Jo Randerson is the Artistic Director of performance art company Barbarian Productions, who are based in a re-purposed bowling club in the heart of Wellington. A multi-award-winning writer, director and theatre-maker, Jo has been a fixture on the literary and theatre scenes for three decades. She has received, amongst many other accolades, the Bruce Mason Playwriting Award, the Robert Burns Fellowship, Winston Churchill Fellowship and is also a New Generation Arts Laureate.

As a performer and director, Jo creates interdisciplinary work which brings people together to share perspectives where there is tension. Another favourite topic for Jo is how to improve the infrastructure for artists in our country so they can live sustainably, and most of all, how to use poetry – in the smallest and broadest sense – to create change.

H-J Kilkelly is an Ōtepoti-based producer, currently splitting her time between there and Wellington. Her experience is extensive, producing shows, festivals, practitioner development platforms and workshops, for companies such as Tawata Productions, Kia Mau Festival, Barbarian Productions, BATS Theatre, Playmarket, Toi Maori, and NZ Young Writers Festival. She is the co-director and producer for the multi-award-winning company Prospect Park Productions, and its development platforms Ōtepoti Theatre Lab and Ōtepoti Writers Lab.


PERFORMED BY
Dominic Hoey
Rose Northey - stagehand/mime/various characters/usher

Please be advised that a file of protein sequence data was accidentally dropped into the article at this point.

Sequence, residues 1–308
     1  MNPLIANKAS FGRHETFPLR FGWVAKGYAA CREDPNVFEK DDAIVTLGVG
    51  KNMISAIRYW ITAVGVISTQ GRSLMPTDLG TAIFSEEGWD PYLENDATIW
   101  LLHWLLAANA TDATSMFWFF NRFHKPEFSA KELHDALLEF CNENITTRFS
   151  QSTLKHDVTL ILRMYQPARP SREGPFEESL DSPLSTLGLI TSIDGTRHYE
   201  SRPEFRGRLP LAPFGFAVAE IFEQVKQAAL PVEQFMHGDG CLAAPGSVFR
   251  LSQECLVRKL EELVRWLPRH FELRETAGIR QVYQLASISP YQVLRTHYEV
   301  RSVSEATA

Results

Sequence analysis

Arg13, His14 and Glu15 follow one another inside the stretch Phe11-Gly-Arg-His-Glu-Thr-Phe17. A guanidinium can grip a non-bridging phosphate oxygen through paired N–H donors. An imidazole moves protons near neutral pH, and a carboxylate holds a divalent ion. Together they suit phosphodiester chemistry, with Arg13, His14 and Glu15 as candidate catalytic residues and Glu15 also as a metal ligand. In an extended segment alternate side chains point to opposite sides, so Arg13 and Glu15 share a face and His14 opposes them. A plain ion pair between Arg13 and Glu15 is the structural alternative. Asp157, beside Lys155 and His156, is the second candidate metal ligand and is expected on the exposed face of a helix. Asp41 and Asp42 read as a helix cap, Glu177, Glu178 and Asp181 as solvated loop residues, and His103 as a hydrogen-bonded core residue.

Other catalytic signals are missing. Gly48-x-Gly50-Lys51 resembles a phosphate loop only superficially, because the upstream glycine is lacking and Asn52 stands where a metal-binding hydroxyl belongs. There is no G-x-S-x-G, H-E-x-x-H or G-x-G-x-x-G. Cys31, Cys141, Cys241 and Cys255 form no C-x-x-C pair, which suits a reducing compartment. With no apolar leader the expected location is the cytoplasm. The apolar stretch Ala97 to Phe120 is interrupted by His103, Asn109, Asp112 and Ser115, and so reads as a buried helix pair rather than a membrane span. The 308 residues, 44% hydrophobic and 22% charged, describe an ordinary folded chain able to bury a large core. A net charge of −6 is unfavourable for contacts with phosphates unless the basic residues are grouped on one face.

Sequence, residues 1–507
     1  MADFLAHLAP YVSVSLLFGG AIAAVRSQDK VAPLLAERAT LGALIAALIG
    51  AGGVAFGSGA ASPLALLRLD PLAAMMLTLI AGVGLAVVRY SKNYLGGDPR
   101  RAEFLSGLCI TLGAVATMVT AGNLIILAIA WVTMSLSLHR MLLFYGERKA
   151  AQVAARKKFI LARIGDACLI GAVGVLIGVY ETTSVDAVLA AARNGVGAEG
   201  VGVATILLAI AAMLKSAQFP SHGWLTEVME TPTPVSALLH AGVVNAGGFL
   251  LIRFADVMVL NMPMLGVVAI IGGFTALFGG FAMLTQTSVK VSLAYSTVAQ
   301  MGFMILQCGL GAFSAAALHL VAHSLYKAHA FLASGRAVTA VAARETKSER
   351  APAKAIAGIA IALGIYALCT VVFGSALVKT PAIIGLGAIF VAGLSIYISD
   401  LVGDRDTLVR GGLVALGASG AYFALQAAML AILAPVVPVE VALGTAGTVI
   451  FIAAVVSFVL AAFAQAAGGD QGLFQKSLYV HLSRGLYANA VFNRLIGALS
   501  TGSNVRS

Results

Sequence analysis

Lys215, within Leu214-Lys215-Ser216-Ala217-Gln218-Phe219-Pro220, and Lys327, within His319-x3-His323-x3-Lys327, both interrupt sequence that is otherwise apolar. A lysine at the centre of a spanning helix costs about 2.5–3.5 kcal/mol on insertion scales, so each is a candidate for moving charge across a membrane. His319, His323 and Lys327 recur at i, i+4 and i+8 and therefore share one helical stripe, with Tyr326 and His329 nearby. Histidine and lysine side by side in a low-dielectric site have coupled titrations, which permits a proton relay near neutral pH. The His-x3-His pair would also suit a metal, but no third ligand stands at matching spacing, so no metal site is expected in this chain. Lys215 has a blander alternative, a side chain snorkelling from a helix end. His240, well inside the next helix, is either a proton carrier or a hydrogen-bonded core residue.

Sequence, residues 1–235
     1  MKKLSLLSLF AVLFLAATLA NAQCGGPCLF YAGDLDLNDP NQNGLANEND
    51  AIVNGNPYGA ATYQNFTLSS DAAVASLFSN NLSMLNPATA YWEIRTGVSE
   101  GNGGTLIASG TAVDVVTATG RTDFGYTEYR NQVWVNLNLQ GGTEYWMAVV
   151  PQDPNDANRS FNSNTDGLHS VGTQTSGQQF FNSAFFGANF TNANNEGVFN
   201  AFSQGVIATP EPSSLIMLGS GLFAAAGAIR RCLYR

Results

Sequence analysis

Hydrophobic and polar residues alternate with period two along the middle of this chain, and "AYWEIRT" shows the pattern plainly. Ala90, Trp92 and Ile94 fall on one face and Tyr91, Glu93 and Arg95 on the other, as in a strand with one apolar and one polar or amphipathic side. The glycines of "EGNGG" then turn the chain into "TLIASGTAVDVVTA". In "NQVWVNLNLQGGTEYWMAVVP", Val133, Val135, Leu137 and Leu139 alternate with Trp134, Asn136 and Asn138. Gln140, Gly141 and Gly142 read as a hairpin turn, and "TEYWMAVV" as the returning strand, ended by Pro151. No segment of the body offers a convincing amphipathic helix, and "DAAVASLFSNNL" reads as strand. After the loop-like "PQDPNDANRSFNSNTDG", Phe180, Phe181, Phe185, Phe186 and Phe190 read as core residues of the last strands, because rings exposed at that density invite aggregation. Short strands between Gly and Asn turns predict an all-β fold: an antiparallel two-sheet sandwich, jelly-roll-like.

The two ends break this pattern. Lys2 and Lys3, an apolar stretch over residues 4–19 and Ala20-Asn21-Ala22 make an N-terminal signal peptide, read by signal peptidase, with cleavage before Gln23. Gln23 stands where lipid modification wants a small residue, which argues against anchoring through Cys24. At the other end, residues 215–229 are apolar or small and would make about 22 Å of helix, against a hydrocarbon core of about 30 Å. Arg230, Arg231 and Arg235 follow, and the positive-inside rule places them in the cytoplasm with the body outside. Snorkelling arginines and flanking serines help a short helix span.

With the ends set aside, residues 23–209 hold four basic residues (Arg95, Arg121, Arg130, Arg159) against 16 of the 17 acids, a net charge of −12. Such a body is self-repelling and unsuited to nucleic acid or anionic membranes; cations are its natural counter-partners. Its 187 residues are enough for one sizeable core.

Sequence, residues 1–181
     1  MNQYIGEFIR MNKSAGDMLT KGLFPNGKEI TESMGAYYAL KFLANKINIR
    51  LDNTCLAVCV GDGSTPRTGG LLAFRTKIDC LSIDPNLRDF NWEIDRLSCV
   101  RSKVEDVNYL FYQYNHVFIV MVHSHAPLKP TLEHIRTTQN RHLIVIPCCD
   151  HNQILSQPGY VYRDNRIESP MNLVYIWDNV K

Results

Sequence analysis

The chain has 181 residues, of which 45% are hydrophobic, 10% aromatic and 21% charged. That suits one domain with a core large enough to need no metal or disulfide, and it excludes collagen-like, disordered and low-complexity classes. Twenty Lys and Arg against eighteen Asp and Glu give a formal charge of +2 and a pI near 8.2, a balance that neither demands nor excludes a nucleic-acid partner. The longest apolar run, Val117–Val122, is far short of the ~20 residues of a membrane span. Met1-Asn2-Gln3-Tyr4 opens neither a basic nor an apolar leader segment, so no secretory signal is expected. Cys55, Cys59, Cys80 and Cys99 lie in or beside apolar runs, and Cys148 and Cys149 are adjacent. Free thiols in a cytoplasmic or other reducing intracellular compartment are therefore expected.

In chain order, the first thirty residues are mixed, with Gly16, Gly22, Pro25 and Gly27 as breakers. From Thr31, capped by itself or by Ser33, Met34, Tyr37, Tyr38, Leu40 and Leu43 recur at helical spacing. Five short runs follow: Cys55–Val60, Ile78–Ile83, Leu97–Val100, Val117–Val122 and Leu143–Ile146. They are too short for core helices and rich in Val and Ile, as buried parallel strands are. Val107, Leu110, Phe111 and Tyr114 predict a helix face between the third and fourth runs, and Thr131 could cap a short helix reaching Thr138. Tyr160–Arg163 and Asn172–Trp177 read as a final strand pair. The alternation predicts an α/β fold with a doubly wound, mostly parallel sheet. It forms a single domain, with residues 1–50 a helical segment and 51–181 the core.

OTHERS IN THE TEAM
Producer: H-J Kelly
Production Designer: Sylvie McCreanor
Production Manager/Operator: Marshall Rankin
Production Assistance: Lucie Everett-Brown


Theatre , Performance Poetry ,


1 hr

Stand-up with props, Theatre as Stand-up, Rap with attitude and Poetry ...

Review by Waka Attewell 15th Apr 2021

It was the poster and the photo I saw somewhere that got me into the dark. What a treat! – warning – this is not a review but a gush.  

There was a time in Hollywood when all the block-buster movies were about Hollywood movies, this is the Kiwiana version of that inner gaze: an inside gaze at the dilemma of being alive and inside the dilemma of being alive and being an artist and staying alive inside the dilemma.

I could sit and listen (and watch) Dominic Hoey for hours, forever. He’s got a presence on stage that makes your heart glad. And Rose Northey (mime and other things) is a delight that makes you want to squeal like a Kardashian opening a FedEx package. She does a sub-text thing that is real and nice and silly and serious and beautiful and practical. Whatever Jo Randerson did with the movement and form is totally right and somehow correct.

It’s funding body hell out there. Squeezing those weasel words out for the application… dyslexic (I can relate) – forms that have no meaning, forms that require an outcome (what the fuck is that?)… Bureaucratic speak. He mutters the Film Commission (dysfunction) – I clap out loud, I laugh out loud.